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FCC Proposes Groundbreaking Free Public Wi-Fi Throughout United States; Mobile Companies Protest

By james321Follow



Imagine telling AT&T you're done with dropped calls, or telling
T-Mobile you're done with slow data. Yes, elections matter, and the FCC is proposing something spectacular for Americans...assuming that shitting-their-pants mobile phone operators don't kill the mammoth proposal:

The federal government wants to create super WiFi networks
across the nation, so powerful and broad in reach that consumers could
use them to make calls or surf the Internet without paying a cellphone
bill every month.
The proposal from the Federal Communications Commission has rattled
the $178 billion wireless industry, which has launched a fierce lobbying
effort to persuade policymakers to reconsider the idea, analysts say.
That has been countered by an equally intense campaign from Google,
Microsoft and other tech giants who say a free-for-all WiFi service
would spark an explosion of innovations and devices that would benefit
most Americans, especially the poor.
The airwaves that FCC officials want to hand over to the public would
be much more powerful than existing WiFi networks that have become
common in households. They could penetrate thick concrete walls and
travel over hills and around trees. If all goes as planned, free access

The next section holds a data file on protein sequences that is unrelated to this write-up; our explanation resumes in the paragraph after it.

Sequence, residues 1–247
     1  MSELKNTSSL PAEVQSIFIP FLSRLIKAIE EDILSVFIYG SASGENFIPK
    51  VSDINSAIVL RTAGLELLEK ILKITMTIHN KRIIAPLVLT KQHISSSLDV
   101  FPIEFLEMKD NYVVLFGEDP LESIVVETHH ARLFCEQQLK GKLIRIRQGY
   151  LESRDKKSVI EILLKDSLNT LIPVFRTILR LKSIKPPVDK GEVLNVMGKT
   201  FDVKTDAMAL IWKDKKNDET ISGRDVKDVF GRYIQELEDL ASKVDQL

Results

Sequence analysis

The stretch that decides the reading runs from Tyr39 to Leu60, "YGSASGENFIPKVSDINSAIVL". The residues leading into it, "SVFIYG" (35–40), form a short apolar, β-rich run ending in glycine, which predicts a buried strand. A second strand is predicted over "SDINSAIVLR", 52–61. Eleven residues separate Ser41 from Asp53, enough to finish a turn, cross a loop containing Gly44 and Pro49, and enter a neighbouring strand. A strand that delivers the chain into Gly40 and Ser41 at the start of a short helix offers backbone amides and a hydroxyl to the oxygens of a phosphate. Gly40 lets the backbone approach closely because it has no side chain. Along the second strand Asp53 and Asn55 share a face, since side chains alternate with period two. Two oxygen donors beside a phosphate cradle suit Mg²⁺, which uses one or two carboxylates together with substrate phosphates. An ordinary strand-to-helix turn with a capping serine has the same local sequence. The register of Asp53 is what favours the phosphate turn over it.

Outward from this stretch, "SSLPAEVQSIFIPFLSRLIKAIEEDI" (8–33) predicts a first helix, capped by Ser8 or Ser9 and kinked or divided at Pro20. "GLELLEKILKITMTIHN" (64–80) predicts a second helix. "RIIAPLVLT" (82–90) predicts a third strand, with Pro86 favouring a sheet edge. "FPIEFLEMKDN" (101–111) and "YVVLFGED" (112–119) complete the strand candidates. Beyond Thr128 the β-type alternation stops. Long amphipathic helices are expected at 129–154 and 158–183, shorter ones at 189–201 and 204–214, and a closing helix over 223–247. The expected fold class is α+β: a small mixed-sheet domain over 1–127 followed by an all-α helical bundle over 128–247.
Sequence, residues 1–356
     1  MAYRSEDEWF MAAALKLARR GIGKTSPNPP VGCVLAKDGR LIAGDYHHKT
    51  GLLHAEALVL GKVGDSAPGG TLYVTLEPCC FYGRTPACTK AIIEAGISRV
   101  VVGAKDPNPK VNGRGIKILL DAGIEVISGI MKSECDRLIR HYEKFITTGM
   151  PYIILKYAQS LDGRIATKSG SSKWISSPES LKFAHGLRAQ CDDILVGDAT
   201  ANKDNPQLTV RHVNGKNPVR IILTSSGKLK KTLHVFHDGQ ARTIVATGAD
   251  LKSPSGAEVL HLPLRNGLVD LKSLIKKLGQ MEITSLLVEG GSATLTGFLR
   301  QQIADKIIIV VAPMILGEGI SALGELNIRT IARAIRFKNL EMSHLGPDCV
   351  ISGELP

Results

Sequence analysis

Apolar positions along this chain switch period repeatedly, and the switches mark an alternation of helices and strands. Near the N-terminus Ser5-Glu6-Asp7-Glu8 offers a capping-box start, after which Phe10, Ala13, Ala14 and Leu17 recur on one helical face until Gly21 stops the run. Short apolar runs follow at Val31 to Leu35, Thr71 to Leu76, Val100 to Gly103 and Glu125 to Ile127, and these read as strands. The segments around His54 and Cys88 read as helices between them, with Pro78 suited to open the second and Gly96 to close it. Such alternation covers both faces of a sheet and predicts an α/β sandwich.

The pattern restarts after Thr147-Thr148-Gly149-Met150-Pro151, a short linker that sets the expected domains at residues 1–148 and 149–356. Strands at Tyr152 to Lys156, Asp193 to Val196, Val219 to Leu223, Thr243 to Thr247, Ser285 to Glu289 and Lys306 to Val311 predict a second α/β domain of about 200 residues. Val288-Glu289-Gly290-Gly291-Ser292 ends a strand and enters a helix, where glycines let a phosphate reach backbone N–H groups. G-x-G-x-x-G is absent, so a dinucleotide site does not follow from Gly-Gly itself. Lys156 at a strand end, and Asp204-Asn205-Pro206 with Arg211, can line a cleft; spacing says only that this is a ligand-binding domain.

to the Web would be available in just about every metropolitan area and
in many rural areas.

Think about it -- how often do you actually use your smartphone to make
phone calls or texts now anyway? For many folks, particularly the
younger set, smartphones are about data, data, and data. They use Skype
to make calls, Whatsapp to send texts, and Facebook to stay in touch --
all on data. This is why the likes of AT&T now force Americans to
purchase unlimited texts and phone minutes -- or otherwise face
outrageous per-text or per-minute fees -- because the wireless companies
realize that Americans are really carrying around small computers in
this day and age -- the 'phone' is only an inconsequential 'app' at the
bottom of your screen.
This is a Big Ducking Deal, folks:



The new WiFi networks would also have much farther reach,
allowing for a driverless car to communicate with another vehicle a mile
away or a patient’s heart monitor to connect to a hospital on the other
side of town.
If approved by the FCC, the free networks would still take several
years to set up. And, with no one actively managing them, con­nections
could easily become jammed in major cities. But public WiFi could allow
many consumers to make free calls from their mobile phones via the
Internet. The frugal-minded could even use the service in their homes,
allowing them to cut off expensive Internet bills.
“For a casual user of the Web, perhaps this could replace carrier
service,” said Jeffrey Silva, an analyst at the Medley Global Advisors
research firm. “Because it is more plentiful and there is no price tag,
it could have a real appeal to some people.”

Unsurprisingly, this is a policy move that would benefit both the
wealthiest Silicon Valley tech entrepreneurs and the poorest individuals
in America's cities and rural areas:

Designed by FCC Chairman Julius Genachowski, the plan would
be a global first. When the U.S. government made a limited amount of
unlicensed airwaves available in 1985, an unexpected explosion in
innovation followed. Baby monitors, garage door openers and wireless
stage microphones were created. Millions of homes now run their own
wireless networks, connecting tablets, game consoles, kitchen
appli­ances and security systems to the Internet.
“Freeing up unlicensed spectrum is a vibrantly free-market approach